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New antibacterial substance class against MRSA – suitable for the treatment of medically relevant surfaces

Abstract

A new structural class with antibiotic activity was developed from the privileged structure of bacterial signal molecules. The compounds are characterized by a high level of activity and selectivity against pathogenic bacteria with a low toxicity against human cells. There is thus the possibility of licensing a new antibiotic class that inhibits both methicillin-resistant staphylococcus aureus (MRSA) and gram-negative human pathogens such as Moraxella and Neisseria species. Moreover, it can be used for the impregnation of materials and surfaces.

Background

According to the Federal Ministry of Health 400,000 to 600,000 patients contract a hospital-acquired, or nosocomial, infection, each year. 10,000 to 15,000 of them die as a result (as of 5 April 2017). Surfaces like those of urinary catheters rank among the greatest sources of infections. There is a continuous evolution of the germs themselves and therefore also of new resistances.

Problem

Despite the ever-growing number of new resistant germs, it seems as if today the economic incentive for developing new active substance classes is decreasing. The number of new classes of antibiotics worldwide has been declining for years now. Their development is a tedious and expensive process; new drugs can only have a trustworthy effect for a short period of time before new resistances arise. This trend is dangerous for all of us, because MRSA is propagating, especially where we are most vulnerable – in hospitals worldwide. On top of this it is getting more and more difficult to identify new substance classes – the range seems to be increasingly exhausted.

Solution

As part of a research project at the University of Konstanz funded by the DFG (German Research Foundation), the Marie-Curie ZIF Zukunftskolleg scholarship and by FCI (Fonds der Chemischen Industrie), the scientists succeeded in developing a completely new class of antibiotics, which is also highly effective against multi-resistant pathogens such as S. aureus. This could be demonstrated in vitro in cells of several pathogenic and non-pathogenic bacteria. The active substances according to the invention have a new chemical structure that derives from the molecular signals PQS and HHQ, two important factors in microbial communication. These “quorum-sensing” signals usually coordinate the virulence of pathogenic bacteria. For those new structures that are now used against them, there are obviously no mechanisms of resistance yet. Due to the fact that the active substance can also be used for the embedding into different materials, future infections caused by medical surfaces as those of urinary catheters could thus be prevented as well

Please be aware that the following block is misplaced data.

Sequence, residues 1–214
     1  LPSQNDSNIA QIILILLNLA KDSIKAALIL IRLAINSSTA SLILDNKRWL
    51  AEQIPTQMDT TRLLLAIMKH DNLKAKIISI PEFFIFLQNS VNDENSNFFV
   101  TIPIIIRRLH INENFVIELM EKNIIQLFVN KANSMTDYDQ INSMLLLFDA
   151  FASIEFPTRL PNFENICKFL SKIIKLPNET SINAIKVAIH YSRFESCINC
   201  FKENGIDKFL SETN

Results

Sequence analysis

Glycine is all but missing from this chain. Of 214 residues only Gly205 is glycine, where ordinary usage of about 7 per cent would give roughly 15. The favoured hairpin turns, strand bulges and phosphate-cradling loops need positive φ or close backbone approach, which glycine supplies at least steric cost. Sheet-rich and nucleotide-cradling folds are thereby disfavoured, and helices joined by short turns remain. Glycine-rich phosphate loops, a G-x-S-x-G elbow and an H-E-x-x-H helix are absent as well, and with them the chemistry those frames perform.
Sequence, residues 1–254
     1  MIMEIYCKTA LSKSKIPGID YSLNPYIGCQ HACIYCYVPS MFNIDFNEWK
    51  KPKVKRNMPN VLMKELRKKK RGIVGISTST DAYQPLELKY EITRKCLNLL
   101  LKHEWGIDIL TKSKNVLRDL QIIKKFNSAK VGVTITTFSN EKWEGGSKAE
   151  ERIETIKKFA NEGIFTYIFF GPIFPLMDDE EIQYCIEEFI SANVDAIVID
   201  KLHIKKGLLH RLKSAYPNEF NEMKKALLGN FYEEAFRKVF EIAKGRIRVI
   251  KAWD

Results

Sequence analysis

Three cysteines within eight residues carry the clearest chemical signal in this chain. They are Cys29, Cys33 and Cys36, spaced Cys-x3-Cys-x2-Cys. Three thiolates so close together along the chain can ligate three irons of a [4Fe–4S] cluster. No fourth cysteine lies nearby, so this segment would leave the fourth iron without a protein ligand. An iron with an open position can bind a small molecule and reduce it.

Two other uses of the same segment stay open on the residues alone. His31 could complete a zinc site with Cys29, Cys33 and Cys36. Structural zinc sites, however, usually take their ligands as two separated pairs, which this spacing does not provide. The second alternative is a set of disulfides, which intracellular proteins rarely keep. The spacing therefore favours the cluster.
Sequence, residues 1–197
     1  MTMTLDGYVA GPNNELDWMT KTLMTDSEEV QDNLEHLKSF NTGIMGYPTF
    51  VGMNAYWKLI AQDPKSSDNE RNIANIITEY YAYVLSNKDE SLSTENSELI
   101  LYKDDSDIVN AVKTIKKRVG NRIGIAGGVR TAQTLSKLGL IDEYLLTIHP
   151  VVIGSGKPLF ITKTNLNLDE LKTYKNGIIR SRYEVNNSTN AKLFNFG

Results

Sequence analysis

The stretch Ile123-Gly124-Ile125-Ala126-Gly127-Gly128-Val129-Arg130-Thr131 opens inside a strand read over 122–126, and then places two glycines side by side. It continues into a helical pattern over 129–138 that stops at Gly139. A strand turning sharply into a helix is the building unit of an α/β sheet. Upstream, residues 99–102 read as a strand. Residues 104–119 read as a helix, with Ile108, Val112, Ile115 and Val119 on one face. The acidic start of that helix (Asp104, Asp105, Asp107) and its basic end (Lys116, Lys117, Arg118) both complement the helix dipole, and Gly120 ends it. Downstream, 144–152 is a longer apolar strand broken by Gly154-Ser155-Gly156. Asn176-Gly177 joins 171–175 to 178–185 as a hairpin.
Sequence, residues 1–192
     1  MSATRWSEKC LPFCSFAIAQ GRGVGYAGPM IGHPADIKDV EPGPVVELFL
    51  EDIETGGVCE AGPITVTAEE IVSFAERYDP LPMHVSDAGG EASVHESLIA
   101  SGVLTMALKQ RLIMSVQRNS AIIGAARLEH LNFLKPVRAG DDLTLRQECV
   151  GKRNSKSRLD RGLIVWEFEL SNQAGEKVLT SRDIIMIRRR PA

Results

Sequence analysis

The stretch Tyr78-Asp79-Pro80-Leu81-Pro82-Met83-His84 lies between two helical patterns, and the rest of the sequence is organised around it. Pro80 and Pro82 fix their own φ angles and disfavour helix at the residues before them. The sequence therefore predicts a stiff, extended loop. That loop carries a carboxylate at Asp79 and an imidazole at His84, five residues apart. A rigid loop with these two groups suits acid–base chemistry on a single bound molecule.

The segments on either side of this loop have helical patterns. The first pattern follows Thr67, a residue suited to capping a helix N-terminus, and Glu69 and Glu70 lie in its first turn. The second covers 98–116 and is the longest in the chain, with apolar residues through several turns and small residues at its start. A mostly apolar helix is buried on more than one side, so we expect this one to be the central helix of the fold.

Chemical structure of one of four new highly efficient antibiotic derivatives that inhibit not only MRSA, but also gram-negative human pathogens.
Chemical structure of one of four new highly efficient antibiotic derivatives that inhibit not only MRSA, but also gram-negative human pathogens.

Advantages

  • A new type of highly effective class of antibiotics
  • Bypassing of existing resistances
  • Effective against pathogenic MRSA strains
  • Effective against gram-positive pathogens
  • Effective against gram-negative pathogens
  • Low toxicity against human cells
  • Laboratory-confirmed efficacy
  • Active substances suitable for the treatment and disinfection of material surfaces (medical instruments, etc.)

Application

Antibiotics are one of the greatest medical achievements; only a few decades ago bacterial infections like pneumonia, scarlet fever or syphilis caused a lot of victims. Today, these diseases can be treated successfully. However, multi-resistant germs are becoming a growing threat. This is due to the fact that they are already resistant to most of the classes of antibiotics currently available.

Find out more

Michaela Prothiwa, David Szamosvari, Thomas Böttcher,
"Wie Bakterien uns mit Naturstoffen krank machen."
https://doi.org/10.1002/nadc.201590400

Exposé
Contact
Anne Böse, M.Sc.
TLB GmbH
Ettlinger Straße 25
76137 Karlsruhe | Germany
Phone +49 721-79004-0
boese(at)tlb.de | www.tlb.de
Development Status
Late basic research / TRL2
Patent Situation
EP (WO 2017/220205A1) pending
US 2019/0218183 A1 pending
Reference ID
16/006TLB
Service
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